Fiscal fright

Raising VAT is, of course, the easiest way to quickly increase state revenues, but VAT is also a regressive tax that hurts the poor disproportionately.

July 29, 2012 22:49
3 minute read.
shekel and dollar

shekel versus dollar 521. (photo credit: REUTERS)

A number of negative indicators have pointed to a coming economic slowdown and the urgent need for fiscal discipline. The economy has been hit hard by Europe’s economic meltdown.

The Europeans make up Israel’s single largest export destination. And with Greece, Italy, Spain, Portugal and Ireland dragging down the more stable economies of Germany and France, it is not surprising that Israeli exports are hurting. Compounding the problem is the stagnation of the US economy and slower growth rates in China and elsewhere in the Far East.

In June, the trade deficit (adjusted for seasonal influences and not including ships or diamonds) was $1.85 billion, the largest since January. Looking at the entire first half of 2012, exports as a proportion of imports dropped to just 67.5 percent, from 76% in the same period last year and 83% in the first half of 2010. And weaker export is plaguing all economic sectors from hi-tech to low-tech to traditional industry. Hi-tech in particular, which at one point accounted for more than half of export revenues, now compromises 46%.

The sharp drop in exports is one factor contributing to the depreciation of the shekel against the dollar.

And the depreciation of the shekel will increase inflationary pressures. Unemployment will inevitably rise as well, as the global economic slowdown is felt locally.

Unsurprisingly, the Central Bureau of Statistics downgraded its GDP growth estimate for the first quarter of 2012, to an annualized 2.7% from 3%, and even this might be overly optimistic.

At a time when the economy is slowing, Prime Minister Binyamin Netanyahu’s government has instituted several major spending increases. The minimum wage was raised and public sector wage hikes were given to interns, nurses, social workers and contract workers.

The budget for higher education was increased; a security fence is being built on our border with Egypt to prevent African migrants from entering; the Trajtenberg Committee for Socioeconomic Change’s proposed cut in the defense budget was not only scrapped, the defense budget was increased in light of the unstable geopolitical situation. Under the circumstances, the government has scrambled to otherwise reduce government expenditures and to increase revenues.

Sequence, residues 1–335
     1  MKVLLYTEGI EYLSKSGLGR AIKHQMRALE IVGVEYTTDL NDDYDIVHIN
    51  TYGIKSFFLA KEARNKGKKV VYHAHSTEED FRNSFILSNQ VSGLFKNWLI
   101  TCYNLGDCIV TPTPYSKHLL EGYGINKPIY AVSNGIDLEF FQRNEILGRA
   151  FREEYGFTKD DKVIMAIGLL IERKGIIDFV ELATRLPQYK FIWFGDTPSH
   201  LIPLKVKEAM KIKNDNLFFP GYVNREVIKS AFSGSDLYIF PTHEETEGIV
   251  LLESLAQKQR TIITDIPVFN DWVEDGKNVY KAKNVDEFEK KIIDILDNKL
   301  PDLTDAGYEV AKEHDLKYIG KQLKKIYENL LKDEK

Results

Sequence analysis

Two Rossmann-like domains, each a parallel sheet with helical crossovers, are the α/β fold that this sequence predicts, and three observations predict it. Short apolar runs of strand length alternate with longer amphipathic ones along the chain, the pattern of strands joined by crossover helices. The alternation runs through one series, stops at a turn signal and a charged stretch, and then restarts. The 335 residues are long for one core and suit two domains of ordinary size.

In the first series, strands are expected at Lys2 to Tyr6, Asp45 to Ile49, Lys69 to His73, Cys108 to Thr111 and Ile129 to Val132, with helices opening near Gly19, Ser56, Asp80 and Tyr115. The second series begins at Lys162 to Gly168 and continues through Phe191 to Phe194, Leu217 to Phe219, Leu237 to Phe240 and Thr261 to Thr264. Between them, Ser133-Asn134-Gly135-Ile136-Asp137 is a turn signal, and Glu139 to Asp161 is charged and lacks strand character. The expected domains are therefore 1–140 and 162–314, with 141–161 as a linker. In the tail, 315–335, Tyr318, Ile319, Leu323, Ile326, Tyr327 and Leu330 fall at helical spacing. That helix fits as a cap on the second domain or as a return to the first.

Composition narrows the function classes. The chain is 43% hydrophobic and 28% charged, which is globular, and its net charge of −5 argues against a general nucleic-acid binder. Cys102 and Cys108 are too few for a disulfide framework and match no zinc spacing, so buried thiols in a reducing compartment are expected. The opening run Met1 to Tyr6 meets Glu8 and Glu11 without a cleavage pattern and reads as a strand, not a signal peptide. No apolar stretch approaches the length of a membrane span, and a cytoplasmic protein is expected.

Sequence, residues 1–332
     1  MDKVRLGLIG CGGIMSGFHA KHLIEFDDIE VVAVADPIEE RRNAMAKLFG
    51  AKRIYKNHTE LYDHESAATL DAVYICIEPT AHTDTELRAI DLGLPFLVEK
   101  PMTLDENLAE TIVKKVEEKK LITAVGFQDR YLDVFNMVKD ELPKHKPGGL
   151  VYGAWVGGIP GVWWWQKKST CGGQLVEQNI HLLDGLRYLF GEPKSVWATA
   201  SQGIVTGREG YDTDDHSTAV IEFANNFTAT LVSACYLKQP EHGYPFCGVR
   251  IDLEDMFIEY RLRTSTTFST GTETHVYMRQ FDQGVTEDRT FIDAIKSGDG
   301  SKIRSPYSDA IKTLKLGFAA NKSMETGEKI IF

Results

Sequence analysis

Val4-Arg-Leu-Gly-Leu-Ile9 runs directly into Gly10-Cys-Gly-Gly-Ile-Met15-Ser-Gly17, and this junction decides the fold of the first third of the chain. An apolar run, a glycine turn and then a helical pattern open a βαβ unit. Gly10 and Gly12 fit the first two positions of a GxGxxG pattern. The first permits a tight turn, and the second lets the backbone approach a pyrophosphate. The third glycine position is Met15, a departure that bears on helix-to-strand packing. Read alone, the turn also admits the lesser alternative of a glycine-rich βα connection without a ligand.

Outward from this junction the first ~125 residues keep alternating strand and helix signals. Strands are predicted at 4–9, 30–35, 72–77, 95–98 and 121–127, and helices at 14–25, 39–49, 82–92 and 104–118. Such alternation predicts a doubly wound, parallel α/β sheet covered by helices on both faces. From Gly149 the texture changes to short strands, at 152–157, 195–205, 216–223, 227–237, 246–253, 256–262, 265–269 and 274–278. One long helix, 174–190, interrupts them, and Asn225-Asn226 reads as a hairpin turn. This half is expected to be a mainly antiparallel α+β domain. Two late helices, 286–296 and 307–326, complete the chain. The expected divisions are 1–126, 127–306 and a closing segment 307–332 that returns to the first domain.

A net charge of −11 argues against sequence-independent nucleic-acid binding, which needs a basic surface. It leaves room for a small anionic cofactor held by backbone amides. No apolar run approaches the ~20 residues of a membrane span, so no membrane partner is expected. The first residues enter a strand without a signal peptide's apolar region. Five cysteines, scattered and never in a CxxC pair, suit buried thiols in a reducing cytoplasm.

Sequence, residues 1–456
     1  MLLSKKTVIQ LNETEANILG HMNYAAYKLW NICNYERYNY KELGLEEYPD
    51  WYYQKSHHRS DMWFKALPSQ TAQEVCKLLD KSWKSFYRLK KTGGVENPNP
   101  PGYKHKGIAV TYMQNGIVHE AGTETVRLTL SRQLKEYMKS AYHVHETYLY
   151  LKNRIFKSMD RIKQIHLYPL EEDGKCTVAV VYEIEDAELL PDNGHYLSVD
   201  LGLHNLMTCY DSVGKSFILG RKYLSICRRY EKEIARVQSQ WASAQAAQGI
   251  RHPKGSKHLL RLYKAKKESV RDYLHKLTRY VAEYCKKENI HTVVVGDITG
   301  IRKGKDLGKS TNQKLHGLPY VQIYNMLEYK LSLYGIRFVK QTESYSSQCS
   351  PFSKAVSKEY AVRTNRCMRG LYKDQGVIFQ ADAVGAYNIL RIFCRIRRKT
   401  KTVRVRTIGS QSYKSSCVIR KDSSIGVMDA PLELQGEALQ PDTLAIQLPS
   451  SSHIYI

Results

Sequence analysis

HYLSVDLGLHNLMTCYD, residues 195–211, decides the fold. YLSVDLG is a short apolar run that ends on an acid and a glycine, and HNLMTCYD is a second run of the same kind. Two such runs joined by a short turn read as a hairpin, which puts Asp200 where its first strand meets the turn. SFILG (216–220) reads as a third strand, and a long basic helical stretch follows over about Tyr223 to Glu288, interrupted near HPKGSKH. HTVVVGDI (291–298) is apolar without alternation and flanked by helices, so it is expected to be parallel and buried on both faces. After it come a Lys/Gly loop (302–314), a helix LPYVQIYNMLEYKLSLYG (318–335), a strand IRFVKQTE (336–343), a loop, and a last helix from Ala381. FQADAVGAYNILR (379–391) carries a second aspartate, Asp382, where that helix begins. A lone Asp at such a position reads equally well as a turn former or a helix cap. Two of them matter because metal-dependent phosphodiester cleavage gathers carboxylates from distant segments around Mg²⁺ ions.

On Monday, the cabinet is scheduled to vote on a number of steps include raising value-added tax from 16% to 17%; raising income tax by one percentage point for those who make more than NIS 8,881 and by two percentage points for those who earn NIS 67,000 or more; an across-the-board cut in all ministry budgets (except defense, education and social services); and raising the tax on cigarettes and beer.

The urgency of the cuts and tax hikes grew after credit rating agencies warned that Israel might be downgraded if the budget deficit for 2013 reaches 4%.

The government has already decided to increase the deficit from 1.5% of GDP to 3%, against the recommendation of Bank of Israel Gov. Stanley Fischer. And even that limit might be violated if economic growth continues to slow down.

Still, while it is important for the government to maintain fiscal discipline, one cannot help getting the impression that the recent steps proposed to reduce the budget deficit were the result of hasty decision making.

As former Bank of Israel governor David Klein pointed out, “It appears as if somebody is frightened and said that something needs to be done quickly.”

Raising VAT is, of course, the easiest way to quickly increase state revenues, but VAT is also a regressive tax that hurts the poor disproportionately. And raising income taxes for the middle class will only increase the burden on that section of society that is already struggling to make ends meet.

Unfortunately, more ambitious reforms such as increasing competition in fields such as banking, food production and insurance or increasing efficiency at our ports, the Israel Electric Corporation or the public sector have been neglected.

Admittedly, implementing such reforms would require a willingness on the part of the government to confront powerful business and labor interests. But these reforms would do more to lower costs, stimulate business activity and reduce income inequality.

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